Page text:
Thanks to the men in our lives :)

Marguerite said...

What a beautiful pond. I loved seeing the toad eggs, I've never seen these before and had no idea what they would look like.

Jo said...

It's looking great. It's amazing just how much wildlife depend on ponds. I've noticed so much more wildlife in my garden since we installed one, albeit a tiny one. I'd love a water lily but our pond is too small for one, I've just bought an Iris.

Donna said...

The pond is beautiful...lots of work so worth it...I love iris and pennywort in and along the pond....I haven't spotted toads yet, but we have frogs...look at the color in the garden...finally jumping to life...lovely...I watched the whole wedding as well but had to wait until Friday night...I will check out the blog you mentioned...

Karen said...

Pam, everything in your garden is looking great. I'm glad to see Spring is finally putting in an appearance for you. Spring is definitely running late to get to us though. (It's so cold out yet!)

Your pond is very pretty, love the fountain. I bet you'll be hearing frogs and toads singing very soon. Thank you for sharing the blooms in your garden with all of us.

PatioPatch said...

DearPam - when I read the title, I thought you were having the same dry Spring that we have here! Instead you've shown a great selection of aquatic plants though Parrot's feather in No 1 invasive on the UK list. Toad spawn is a testament to the health of your pond - well sited too, away from trees and with sunlight. Very professional! How lovely your Spring garden looks now.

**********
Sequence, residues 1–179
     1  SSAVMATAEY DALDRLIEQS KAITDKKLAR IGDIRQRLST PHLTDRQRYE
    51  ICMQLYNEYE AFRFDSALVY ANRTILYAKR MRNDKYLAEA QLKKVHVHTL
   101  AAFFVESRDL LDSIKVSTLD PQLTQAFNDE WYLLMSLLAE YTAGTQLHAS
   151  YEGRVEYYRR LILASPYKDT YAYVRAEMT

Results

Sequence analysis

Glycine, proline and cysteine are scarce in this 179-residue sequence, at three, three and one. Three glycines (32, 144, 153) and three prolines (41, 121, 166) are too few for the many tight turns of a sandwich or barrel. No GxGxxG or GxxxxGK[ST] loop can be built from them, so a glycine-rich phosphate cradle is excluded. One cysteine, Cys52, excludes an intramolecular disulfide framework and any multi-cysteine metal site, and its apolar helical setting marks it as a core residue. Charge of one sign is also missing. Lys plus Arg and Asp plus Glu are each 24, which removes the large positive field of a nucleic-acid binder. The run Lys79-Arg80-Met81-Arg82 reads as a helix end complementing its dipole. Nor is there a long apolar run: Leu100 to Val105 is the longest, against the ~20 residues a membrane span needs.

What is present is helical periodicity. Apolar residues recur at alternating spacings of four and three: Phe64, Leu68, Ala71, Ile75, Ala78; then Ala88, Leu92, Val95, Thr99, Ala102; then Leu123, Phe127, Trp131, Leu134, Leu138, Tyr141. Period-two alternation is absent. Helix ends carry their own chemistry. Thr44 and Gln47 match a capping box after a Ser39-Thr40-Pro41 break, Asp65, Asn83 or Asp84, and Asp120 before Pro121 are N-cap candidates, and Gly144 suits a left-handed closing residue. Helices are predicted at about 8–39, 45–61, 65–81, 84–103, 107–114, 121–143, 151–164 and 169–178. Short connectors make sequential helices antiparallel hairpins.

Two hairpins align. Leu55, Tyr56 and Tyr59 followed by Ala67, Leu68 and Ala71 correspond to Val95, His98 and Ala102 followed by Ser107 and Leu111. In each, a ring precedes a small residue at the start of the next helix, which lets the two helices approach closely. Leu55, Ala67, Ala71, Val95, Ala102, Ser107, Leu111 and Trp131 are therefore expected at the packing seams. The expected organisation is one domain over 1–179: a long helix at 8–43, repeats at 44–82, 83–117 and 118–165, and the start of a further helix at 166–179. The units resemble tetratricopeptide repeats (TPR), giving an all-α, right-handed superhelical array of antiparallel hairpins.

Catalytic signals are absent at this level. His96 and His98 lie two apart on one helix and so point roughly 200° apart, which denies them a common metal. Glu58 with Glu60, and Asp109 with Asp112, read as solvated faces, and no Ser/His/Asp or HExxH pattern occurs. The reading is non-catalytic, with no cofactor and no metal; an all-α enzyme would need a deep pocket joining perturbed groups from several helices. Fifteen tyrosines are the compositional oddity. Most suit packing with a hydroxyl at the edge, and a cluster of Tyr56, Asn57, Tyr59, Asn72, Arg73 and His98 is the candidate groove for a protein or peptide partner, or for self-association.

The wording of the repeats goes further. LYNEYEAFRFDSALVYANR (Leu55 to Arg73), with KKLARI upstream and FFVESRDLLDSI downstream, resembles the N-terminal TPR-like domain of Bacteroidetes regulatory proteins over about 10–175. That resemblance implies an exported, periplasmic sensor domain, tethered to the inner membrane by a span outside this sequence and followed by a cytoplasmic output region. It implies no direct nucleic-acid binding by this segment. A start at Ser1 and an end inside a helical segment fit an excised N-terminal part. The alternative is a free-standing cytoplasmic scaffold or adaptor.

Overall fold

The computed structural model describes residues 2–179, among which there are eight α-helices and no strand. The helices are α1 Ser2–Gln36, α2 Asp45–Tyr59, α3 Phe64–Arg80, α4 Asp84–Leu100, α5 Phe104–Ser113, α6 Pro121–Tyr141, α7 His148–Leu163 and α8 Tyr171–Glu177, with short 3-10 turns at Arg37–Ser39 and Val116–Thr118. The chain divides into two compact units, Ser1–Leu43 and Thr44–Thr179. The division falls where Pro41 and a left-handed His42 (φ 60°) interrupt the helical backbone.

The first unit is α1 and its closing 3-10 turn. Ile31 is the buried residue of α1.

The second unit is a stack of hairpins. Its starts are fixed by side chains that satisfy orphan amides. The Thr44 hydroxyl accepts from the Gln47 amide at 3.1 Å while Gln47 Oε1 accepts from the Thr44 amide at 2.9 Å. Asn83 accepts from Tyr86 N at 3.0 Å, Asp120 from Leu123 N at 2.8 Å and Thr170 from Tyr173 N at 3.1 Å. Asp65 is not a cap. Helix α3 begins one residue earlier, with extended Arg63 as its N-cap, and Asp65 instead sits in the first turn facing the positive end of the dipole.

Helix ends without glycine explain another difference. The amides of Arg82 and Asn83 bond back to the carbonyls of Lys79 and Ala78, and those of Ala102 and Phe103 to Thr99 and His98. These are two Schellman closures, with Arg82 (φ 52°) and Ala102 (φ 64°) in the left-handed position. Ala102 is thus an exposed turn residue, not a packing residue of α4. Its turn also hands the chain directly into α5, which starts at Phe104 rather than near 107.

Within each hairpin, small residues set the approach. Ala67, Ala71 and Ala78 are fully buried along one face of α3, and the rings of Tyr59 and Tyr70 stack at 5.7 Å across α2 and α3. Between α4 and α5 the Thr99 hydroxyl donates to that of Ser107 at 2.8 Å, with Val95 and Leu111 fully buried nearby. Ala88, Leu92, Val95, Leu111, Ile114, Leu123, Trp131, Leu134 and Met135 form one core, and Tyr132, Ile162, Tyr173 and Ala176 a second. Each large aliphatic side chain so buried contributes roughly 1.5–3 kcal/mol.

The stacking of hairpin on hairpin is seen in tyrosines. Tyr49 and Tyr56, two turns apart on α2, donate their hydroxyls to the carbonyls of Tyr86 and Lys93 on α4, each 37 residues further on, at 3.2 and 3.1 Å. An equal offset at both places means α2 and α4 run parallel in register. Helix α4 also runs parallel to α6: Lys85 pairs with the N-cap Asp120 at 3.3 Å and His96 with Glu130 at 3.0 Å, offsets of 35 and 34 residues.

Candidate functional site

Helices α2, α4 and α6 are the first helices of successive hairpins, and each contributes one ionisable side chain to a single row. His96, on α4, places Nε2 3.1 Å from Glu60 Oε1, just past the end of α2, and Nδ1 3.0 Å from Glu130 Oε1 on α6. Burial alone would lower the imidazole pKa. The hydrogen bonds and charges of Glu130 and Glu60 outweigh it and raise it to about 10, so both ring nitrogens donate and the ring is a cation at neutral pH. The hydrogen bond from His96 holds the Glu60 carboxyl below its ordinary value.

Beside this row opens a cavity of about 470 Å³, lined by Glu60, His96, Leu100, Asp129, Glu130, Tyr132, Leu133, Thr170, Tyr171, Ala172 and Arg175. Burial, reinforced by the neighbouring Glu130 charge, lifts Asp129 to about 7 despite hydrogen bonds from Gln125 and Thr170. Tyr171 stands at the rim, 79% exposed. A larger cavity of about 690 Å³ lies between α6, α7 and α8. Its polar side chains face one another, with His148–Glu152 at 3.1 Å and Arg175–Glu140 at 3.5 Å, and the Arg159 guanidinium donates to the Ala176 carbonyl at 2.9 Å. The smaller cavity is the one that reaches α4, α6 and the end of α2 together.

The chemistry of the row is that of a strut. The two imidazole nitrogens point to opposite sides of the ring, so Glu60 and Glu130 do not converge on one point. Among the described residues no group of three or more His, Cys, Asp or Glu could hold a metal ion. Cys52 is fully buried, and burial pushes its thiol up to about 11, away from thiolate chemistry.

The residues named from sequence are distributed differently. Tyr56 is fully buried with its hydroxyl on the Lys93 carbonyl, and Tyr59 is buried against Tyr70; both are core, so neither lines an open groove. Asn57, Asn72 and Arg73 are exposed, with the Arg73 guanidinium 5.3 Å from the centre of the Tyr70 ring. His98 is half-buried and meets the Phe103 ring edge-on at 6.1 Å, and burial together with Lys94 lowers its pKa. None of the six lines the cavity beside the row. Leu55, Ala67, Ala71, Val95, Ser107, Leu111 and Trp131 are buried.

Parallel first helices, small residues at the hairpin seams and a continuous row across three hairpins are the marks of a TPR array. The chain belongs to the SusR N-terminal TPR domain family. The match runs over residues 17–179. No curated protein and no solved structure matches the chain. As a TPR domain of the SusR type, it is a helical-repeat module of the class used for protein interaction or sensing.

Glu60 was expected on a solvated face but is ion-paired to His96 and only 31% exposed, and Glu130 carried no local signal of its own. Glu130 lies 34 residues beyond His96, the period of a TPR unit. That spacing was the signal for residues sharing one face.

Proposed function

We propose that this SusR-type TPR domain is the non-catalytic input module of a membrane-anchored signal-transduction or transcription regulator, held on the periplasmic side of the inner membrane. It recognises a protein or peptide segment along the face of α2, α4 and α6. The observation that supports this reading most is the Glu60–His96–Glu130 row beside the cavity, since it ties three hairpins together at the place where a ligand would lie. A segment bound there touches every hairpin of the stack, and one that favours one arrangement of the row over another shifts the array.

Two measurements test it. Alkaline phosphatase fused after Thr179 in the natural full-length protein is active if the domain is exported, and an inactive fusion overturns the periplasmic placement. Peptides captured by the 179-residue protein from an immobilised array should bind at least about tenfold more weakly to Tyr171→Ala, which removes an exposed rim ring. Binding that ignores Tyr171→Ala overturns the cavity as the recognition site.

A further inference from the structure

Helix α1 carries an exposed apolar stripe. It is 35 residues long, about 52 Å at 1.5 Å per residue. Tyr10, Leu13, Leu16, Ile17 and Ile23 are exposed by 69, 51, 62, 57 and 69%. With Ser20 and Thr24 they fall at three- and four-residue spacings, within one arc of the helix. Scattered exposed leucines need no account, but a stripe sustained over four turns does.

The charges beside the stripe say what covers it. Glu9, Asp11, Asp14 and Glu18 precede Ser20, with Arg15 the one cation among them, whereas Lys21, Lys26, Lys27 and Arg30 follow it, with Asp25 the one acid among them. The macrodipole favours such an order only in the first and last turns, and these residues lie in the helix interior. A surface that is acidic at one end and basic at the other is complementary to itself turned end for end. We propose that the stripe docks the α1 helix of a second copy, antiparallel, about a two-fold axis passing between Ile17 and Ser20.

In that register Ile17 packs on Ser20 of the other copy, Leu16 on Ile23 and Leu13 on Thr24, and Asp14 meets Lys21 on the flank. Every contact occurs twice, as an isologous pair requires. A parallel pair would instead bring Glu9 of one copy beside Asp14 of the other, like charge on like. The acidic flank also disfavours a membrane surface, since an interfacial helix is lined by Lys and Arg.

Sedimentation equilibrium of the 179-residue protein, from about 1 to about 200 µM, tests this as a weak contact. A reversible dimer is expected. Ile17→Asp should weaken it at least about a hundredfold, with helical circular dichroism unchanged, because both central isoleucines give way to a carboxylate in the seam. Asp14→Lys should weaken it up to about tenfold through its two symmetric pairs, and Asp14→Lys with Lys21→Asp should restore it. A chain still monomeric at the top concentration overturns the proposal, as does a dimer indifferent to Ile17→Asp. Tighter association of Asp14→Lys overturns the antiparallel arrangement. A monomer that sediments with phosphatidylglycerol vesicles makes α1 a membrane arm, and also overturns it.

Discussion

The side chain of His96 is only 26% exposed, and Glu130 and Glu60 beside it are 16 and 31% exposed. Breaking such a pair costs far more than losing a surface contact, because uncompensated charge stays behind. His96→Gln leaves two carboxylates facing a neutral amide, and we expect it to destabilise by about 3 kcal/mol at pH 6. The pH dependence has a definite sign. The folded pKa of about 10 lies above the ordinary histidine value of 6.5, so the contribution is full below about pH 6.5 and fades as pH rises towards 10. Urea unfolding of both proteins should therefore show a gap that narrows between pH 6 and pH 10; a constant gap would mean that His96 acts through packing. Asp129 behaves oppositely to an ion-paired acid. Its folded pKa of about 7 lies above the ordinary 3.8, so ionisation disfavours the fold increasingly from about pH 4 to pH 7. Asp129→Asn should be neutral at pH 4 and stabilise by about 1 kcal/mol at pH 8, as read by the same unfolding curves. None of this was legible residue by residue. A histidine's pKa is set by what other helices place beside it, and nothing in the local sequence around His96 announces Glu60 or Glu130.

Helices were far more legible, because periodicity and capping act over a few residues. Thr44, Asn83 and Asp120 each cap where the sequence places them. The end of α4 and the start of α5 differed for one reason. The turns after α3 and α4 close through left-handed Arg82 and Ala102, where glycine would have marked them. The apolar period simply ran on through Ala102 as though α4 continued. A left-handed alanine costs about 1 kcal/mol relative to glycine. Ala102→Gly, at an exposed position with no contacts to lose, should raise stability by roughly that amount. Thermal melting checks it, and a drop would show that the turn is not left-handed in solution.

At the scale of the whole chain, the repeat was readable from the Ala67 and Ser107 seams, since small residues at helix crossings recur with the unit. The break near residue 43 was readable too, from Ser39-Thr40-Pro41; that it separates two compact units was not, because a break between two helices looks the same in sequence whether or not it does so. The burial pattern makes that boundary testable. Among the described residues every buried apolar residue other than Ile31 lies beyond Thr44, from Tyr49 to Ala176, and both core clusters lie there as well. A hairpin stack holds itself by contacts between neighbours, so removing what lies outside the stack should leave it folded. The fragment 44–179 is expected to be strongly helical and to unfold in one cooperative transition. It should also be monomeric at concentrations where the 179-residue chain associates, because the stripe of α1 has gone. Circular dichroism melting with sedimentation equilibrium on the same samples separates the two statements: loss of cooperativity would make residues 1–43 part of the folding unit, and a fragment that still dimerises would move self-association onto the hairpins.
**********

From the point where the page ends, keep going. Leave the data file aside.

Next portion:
Laura

Curbstone Valley Farm said...

Oh Pam, this post makes me miss my pond. We built a lovely pond at our last house, and keep talking about adding one here, but it may be a while before we get to it. Our pond had many of the same plants as yours. The parrot's feather, the anacharis, and I loved the sweet flag we had. One day a little 2 day old mallard duckling came swimming out behind it, completely surprising us! By the looks of all those eggs, you're going to have a lot of tadpoles! Our first year with the pond the surface of the water was seething with toad tadpoles, it was almost creepy, but in a fascinating sort of way ;)

Anonymous said...

Hey Pam!

Loved reading your entry and looking at the photos taken of the water plants we brought.

It was a pleasure meeting you and you husband. Hopefully we will see you soon this summer.

Ryan

P.S. Thanks for the receipe! My wife and I are anxious to try it out!

Rosey said...

I do hope you get some interesting wildlife visiting your pond. Birds will love it!
I think you have chosen some remarkable plants that will flourish in your pond.

Pond Kits said...

I like the pictures of garden and pond very much. I also like the garden care. Really very nice blog here!!

Carolyn @ Carolyn's Shade Gardens said...

Your pong makes me extremely jealous, especially the toad eggs. I have to have some kind of water feature soon!!!

Eliza @ Appalachian Feet said...

Ooh, I wish I had a pond to redecorate. These are such fun plants! The toad eggs are delightful, too.

María José said...

Your pond is gorgeous!
Best regards
María José

Corner Gardener Sue said...

Your pond is looking great! What fun to put plants in and around it!

Yes, those walks around the property seeing what's new in the garden are a fun blessing.